This weeks’ Devos come from Timothy Keller’s sermons on Philippians 4:1-9. Enjoy!

Read: Philippians 3:20-21 + 4:1-3 (and the whole letter if you have about 14 minutes)

“Paul has just said. “But our citizenship is in heaven. And we eagerly await a Savior from there…” What’s Paul talking about?…Paul knows instinctively, when we look out there and we see everything changing, no matter how good your marriage is, somebody dies. No matter how beautiful you are, no matter how many facelifts you have, eventually the face falls. No matter what wonderful group of friends you have around you, they change…or they move. In this world nothing lasts. Yet deep down inside we know we’re built for a place. We’re built for a situation in which those things do last.

What does Paul say? Paul says, “There’s a place. There’s a person in whose presence things don’t just stay the same. There’s a place where someone sits on a throne who says, “Behold I make all things new.”… in the presence of the Lord, things don’t just stay the same. They get stronger. They get newer. Think about that one. They get fresher. They get brighter every second. Forever…

This world is a blip in the universe. It’s a place of decay, a temporary place. Then he turns around and says in verse 1, “This is how I want you to stand firm,” and immediately applies it to a quarrel between two of his women friends in the church.

What is he doing to Euodia and Syntyche?…You don’t see Paul starting by saying, “Look, I have a little model for reconciling people. Here’s step one, step two, step three. This is sort of a listening model and a problem-solving model, and I’d like you guys to go through it.” That’s not what he says. There’s a place for that. That’s fine, but that’s never where he starts. That’s never where Christianity starts. That’s never the way they deal with stress and problems. Here’s how they start.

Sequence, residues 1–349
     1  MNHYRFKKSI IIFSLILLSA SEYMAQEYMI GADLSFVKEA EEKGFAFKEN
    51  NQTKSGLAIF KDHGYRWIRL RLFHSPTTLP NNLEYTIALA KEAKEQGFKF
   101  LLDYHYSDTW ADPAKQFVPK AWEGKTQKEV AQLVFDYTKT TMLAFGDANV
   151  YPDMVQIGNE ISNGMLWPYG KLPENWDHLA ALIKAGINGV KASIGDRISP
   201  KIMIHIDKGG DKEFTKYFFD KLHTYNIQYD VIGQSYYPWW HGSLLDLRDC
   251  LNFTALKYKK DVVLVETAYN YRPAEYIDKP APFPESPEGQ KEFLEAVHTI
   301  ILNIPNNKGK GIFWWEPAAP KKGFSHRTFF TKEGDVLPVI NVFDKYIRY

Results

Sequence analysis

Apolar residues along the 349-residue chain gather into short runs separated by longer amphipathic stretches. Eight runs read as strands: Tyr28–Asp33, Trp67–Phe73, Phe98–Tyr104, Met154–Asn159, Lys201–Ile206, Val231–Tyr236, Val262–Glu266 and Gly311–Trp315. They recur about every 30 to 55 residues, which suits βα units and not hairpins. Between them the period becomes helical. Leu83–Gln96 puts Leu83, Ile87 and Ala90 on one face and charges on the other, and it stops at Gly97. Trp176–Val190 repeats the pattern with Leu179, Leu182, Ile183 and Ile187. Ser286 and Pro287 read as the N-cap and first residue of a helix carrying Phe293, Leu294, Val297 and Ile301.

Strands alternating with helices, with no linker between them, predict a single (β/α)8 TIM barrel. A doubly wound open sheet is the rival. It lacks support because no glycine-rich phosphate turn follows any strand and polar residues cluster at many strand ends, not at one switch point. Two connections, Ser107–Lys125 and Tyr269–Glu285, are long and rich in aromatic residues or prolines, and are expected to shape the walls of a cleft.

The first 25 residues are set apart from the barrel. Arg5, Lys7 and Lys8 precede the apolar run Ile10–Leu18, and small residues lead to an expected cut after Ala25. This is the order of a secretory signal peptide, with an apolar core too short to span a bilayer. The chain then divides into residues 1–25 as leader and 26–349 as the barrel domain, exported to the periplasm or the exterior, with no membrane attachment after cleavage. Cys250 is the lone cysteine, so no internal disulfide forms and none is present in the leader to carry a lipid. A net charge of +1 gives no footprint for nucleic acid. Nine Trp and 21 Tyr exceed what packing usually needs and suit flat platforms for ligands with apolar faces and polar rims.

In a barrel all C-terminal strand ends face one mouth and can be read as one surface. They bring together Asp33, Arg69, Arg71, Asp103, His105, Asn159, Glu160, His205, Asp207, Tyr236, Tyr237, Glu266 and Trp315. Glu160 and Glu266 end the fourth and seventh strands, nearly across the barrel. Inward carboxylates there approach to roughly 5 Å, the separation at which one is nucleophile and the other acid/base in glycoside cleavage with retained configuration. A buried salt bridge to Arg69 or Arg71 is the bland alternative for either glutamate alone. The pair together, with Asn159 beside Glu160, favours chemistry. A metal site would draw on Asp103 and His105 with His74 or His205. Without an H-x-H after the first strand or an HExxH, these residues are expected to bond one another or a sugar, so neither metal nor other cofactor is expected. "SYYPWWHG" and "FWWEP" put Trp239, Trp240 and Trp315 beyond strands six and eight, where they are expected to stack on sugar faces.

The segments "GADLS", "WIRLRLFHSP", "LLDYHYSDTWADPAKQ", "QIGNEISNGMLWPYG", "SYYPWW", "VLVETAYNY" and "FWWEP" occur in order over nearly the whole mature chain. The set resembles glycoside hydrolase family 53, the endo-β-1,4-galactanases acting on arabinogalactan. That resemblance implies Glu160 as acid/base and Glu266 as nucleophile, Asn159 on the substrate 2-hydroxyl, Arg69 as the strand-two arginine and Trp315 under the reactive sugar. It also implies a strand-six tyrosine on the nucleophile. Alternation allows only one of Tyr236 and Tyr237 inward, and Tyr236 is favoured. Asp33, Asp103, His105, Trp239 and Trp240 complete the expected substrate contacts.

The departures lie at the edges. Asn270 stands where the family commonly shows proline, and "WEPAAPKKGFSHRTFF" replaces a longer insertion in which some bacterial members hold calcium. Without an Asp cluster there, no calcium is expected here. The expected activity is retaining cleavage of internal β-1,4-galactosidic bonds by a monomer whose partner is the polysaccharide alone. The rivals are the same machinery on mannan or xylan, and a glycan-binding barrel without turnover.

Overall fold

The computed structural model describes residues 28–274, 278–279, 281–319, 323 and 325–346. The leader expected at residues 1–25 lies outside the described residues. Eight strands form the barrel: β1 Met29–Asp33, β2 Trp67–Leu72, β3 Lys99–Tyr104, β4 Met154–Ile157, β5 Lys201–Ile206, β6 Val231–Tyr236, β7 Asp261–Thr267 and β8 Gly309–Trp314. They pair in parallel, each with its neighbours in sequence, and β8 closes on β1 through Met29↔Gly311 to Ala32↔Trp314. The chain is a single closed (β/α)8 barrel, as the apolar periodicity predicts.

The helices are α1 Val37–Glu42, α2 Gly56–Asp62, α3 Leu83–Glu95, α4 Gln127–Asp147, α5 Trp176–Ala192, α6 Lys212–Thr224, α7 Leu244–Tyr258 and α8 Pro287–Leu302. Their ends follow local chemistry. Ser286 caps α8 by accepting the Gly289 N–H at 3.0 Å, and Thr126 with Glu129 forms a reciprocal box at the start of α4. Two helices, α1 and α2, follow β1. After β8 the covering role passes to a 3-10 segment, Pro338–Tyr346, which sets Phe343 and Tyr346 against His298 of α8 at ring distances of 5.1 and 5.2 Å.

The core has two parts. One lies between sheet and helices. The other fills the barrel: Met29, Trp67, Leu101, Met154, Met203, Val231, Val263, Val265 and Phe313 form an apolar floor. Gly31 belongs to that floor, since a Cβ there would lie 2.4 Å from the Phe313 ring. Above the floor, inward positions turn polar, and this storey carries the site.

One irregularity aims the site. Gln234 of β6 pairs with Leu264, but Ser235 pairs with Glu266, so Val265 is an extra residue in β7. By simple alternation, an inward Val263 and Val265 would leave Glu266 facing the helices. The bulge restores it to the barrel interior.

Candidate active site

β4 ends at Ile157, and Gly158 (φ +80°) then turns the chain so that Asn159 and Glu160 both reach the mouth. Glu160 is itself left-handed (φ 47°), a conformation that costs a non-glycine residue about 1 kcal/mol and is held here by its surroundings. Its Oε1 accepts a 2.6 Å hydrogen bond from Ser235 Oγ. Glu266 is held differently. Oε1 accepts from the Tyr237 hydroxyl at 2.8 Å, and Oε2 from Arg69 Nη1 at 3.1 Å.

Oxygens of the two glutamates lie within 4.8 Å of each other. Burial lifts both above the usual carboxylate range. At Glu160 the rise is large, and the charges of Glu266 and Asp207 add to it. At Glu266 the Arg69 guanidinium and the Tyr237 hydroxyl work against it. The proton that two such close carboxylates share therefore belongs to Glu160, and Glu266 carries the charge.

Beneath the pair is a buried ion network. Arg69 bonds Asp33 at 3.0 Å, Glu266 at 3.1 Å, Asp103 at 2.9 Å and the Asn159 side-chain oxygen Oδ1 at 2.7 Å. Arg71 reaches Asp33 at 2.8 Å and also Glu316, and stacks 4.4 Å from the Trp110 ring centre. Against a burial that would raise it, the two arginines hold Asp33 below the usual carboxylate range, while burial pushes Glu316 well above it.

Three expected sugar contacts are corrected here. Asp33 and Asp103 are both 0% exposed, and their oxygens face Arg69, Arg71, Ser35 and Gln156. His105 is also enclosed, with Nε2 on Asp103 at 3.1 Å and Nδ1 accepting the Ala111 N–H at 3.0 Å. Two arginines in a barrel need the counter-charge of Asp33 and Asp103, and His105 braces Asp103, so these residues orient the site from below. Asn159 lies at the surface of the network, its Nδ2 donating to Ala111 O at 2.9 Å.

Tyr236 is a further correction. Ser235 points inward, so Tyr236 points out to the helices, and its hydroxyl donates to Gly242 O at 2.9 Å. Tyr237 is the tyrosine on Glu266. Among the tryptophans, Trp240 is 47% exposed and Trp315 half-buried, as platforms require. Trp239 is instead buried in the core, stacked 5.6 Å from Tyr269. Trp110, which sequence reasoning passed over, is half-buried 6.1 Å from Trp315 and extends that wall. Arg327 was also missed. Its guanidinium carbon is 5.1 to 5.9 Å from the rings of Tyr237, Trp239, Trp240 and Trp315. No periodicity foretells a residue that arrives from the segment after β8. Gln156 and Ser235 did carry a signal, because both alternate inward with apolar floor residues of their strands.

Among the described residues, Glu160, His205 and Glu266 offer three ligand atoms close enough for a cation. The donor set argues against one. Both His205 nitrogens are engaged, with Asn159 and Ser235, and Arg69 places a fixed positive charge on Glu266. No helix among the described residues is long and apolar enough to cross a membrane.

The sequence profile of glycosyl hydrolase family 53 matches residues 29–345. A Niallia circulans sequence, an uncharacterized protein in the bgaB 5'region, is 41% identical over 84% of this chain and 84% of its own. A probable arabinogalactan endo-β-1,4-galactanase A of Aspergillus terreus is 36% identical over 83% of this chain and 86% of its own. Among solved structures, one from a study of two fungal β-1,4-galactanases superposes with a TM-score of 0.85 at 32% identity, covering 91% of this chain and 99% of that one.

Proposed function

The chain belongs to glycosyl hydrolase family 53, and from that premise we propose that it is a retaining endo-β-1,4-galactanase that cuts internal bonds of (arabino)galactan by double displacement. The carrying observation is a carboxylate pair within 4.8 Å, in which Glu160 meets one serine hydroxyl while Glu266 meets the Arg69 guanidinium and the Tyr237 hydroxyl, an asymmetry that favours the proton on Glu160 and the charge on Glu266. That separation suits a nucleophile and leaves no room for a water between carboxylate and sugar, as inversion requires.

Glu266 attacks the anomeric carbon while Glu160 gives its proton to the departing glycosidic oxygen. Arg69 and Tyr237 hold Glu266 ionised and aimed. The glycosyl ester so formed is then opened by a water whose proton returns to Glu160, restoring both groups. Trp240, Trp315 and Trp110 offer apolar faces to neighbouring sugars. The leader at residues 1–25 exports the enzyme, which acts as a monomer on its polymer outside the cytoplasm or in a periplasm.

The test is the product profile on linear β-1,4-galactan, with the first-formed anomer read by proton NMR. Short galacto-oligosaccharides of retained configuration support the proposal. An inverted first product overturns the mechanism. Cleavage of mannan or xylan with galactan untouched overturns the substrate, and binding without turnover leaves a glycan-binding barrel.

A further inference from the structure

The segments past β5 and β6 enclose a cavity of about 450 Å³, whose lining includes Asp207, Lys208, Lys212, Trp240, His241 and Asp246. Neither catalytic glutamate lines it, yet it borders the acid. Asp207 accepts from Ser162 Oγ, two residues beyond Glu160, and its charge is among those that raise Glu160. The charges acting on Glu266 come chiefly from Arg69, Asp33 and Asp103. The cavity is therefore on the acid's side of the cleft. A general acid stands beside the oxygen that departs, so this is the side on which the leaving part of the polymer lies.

He says, “Sisters, remember where you’re from. You’re citizens of heaven. Remember where you’re going, the glory. Realize and remember what Christ has done so this could be true. If your minds are filled with that, where’s the pettiness coming from? How could there be divisiveness in the presence of those ideas. If you think about that, how could you be petty? How could you be divisive? How the moroseness? Lift up your thoughts,” he says. “Lift up your eyes. You’re not seeing the big picture. That’s the only possible way you could be so upset with each other.”

He brings the big things to bear. He brings eternity and judgment day and meaning in life. He brings it all. Every moment is about eternity. Every incident is about God, light, darkness, grace, truth, heaven, hell, the infinities, and the immensities. They’re all brought to bear. Somebody says, “Well, that’s intense.” Yes, of course, but it works.”

Questions to Ponder:

Are you like Paul? Bringing the “big things” to bear in your relationships with others? Are your thoughts, your eyes being lifted up to see the big picture? Or are you stuck? 

Evening Prayer of Examen

  • Where did you move with or feel close to Jesus today?
  • Where did you resist or feel far from Jesus today?
  • Where is Jesus leading you tomorrow? Ask for joy as you follow him.


Blessed be the God and Father of our Lord Jesus Christ! According to his great mercy, he has caused us to be born again to a living hope through the resurrection of Jesus Christ from the dead, to an inheritance that is imperishable, undefiled, and unfading, kept in heaven for you, who by God’s power are being guarded through faith for a salvation ready to be revealed in the last time.” (1 Peter 1:3-5)